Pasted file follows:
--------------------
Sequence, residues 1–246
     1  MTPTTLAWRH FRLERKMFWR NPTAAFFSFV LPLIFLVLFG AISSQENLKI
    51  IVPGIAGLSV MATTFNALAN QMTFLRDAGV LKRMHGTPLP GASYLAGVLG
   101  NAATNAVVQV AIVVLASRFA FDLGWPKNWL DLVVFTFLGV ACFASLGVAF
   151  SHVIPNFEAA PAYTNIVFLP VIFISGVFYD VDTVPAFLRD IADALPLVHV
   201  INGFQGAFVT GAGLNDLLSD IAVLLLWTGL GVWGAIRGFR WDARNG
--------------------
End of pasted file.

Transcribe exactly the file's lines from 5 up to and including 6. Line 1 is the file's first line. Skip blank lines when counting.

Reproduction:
   151  SHVIPNFEAA PAYTNIVFLP VIFISGVFYD VDTVPAFLRD IADALPLVHV
   201  INGFQGAFVT GAGLNDLLSD IAVLLLWTGL GVWGAIRGFR WDARNG